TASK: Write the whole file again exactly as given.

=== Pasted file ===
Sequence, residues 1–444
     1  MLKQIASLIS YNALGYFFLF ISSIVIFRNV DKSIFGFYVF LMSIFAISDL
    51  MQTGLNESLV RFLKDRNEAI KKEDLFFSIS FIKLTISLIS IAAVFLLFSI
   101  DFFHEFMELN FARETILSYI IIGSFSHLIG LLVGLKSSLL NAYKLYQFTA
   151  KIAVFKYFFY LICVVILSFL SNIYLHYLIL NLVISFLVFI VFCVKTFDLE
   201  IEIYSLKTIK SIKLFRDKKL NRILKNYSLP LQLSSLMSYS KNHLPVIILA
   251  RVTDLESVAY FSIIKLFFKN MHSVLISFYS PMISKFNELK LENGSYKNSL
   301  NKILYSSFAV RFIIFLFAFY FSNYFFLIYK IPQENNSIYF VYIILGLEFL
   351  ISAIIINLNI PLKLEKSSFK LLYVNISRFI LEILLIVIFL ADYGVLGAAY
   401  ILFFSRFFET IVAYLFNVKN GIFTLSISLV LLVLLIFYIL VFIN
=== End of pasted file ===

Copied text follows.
Sequence, residues 1–444
     1  MLKQIASLIS YNALGYFFLF ISSIVIFRNV DKSIFGFYVF LMSIFAISDL
    51  MQTGLNESLV RFLKDRNEAI KKEDLFFSIS FIKLTISLIS IAAVFLLFSI
   101  DFFHEFMELN FARETILSYI IIGSFSHLIG LLVGLKSSLL NAYKLYQFTA
   151  KIAVFKYFFY LICVVILSFL SNIYLHYLIL NLVISFLVFI VFCVKTFDLE
   201  IEIYSLKTIK SIKLFRDKKL NRILKNYSLP LQLSSLMSYS KNHLPVIILA
   251  RVTDLESVAY FSIIKLFFKN MHSVLISFYS PMISKFNELK LENGSYKNSL
   301  NKILYSSFAV RFIIFLFAFY FSNYFFLIYK IPQENNSIYF VYIILGLEFL
   351  ISAIIINLNI PLKLEKSSFK LLYVNISRFI LEILLIVIFL ADYGVLGAAY
   401  ILFFSRFFET IVAYLFNVKN GIFTLSISLV LLVLLIFYIL VFIN